Pneumonia has always attracted the earnest attention of physicians, from the times of Hippocrates and Galen to the present. Under its malign influence many illustrious persons have fallen, from Alexander the Great and Charlemagne to those of yesterday. It has appeared as local and widespread epidemics, and has always, in temperate regions especially, figured largely in mortality reports. It is, in many places, the greatest cause of death and its prevalence is notably increasing. Its cause is known, but definite and acceptable rules for prevention and treatment have not, as yet, been formulated. Taken as a whole it is the greatest medical problem of the day.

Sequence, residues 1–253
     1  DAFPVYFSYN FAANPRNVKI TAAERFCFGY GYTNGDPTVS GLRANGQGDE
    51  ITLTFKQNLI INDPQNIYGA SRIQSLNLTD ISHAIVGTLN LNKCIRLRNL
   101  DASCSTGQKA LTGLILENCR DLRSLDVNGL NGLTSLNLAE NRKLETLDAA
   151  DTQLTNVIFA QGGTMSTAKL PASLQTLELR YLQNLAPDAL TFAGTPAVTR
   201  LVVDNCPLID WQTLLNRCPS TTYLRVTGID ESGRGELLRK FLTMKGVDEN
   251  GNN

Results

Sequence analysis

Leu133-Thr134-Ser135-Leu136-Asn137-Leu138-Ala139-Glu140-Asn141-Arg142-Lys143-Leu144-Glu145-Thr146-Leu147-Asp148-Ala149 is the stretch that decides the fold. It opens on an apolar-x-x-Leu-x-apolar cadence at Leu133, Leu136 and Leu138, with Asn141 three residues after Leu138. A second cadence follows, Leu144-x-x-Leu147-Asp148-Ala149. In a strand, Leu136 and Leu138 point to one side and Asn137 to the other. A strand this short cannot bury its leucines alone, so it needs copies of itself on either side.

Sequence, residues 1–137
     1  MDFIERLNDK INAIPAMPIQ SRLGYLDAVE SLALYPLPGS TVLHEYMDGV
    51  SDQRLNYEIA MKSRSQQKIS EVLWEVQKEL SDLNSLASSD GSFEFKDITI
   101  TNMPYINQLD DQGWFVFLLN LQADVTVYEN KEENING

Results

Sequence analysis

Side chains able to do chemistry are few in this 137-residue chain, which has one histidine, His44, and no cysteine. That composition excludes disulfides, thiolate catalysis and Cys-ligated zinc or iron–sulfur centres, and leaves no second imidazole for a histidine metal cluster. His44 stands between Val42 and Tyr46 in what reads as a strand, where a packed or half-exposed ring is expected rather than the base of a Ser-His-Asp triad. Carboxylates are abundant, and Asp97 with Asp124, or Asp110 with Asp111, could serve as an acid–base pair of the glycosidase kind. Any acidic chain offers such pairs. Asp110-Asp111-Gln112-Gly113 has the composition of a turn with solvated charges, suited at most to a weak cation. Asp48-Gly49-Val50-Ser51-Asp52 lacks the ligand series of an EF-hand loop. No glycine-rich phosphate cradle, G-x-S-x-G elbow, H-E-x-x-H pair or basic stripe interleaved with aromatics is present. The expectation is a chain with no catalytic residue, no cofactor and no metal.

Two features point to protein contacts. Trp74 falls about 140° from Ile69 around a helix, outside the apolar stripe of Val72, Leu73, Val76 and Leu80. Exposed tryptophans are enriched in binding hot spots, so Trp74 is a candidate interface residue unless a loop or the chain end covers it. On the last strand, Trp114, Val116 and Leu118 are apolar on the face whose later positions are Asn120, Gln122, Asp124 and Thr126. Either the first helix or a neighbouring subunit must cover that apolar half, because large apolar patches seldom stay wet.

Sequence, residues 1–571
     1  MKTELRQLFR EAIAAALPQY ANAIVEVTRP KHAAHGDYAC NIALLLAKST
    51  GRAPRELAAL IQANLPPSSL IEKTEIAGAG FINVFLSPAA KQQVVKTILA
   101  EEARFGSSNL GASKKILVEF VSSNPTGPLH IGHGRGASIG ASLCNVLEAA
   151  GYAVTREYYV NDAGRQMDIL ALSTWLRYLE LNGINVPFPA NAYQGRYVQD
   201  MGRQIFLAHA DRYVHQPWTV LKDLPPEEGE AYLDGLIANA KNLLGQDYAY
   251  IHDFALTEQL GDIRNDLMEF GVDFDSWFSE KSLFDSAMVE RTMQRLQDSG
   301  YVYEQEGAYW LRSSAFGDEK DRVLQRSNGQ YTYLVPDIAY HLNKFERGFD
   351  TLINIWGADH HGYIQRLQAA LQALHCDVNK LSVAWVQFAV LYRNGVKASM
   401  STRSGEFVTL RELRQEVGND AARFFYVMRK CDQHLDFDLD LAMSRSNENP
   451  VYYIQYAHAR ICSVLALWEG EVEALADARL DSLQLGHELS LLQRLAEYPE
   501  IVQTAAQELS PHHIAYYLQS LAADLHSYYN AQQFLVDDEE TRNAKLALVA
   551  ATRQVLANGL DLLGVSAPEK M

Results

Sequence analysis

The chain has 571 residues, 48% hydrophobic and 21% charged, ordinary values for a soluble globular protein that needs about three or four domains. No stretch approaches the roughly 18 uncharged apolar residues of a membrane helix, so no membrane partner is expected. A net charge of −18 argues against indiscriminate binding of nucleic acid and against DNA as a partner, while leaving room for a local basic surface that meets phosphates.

Pneumonia is an acute infectious disease, with definite symptoms and anatomic changes, due to the presence and exuberant growth of the pneumococcus in the pulmonary alveoli. It probably obtains entrance into the air cells of the lung from the upper respiratory passages, where it
WELLS EF. PNEUMONIA. ITS FATALITY AND INCREASING PREVALENCE, WITH SUGGESTIONS FOR INDIVIDUAL AND COMMUNAL PROPHYLAXIS. JAMA. 1902;XXXIX(20):1231–1234. doi:10.1001/jama.1902.52480460009001a
Customize your JAMA Network experience by selecting one or more topics from the list below.
Create a personal account or sign in to: